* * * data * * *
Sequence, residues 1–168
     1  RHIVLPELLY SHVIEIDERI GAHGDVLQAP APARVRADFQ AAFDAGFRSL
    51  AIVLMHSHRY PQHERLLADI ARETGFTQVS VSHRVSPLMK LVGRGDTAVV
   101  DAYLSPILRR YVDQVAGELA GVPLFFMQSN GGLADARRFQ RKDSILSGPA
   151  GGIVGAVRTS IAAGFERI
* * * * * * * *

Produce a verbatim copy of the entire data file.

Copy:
Sequence, residues 1–168
     1  RHIVLPELLY SHVIEIDERI GAHGDVLQAP APARVRADFQ AAFDAGFRSL
    51  AIVLMHSHRY PQHERLLADI ARETGFTQVS VSHRVSPLMK LVGRGDTAVV
   101  DAYLSPILRR YVDQVAGELA GVPLFFMQSN GGLADARRFQ RKDSILSGPA
   151  GGIVGAVRTS IAAGFERI